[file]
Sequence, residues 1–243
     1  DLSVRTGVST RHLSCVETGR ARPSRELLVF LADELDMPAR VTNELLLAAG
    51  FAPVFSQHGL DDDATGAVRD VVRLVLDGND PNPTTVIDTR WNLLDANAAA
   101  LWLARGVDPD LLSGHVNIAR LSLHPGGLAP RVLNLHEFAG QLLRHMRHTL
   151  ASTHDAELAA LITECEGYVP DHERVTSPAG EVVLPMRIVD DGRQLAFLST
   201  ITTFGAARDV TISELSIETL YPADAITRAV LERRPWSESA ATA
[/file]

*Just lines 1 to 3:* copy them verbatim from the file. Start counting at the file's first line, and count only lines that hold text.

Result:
Sequence, residues 1–243
     1  DLSVRTGVST RHLSCVETGR ARPSRELLVF LADELDMPAR VTNELLLAAG
    51  FAPVFSQHGL DDDATGAVRD VVRLVLDGND PNPTTVIDTR WNLLDANAAA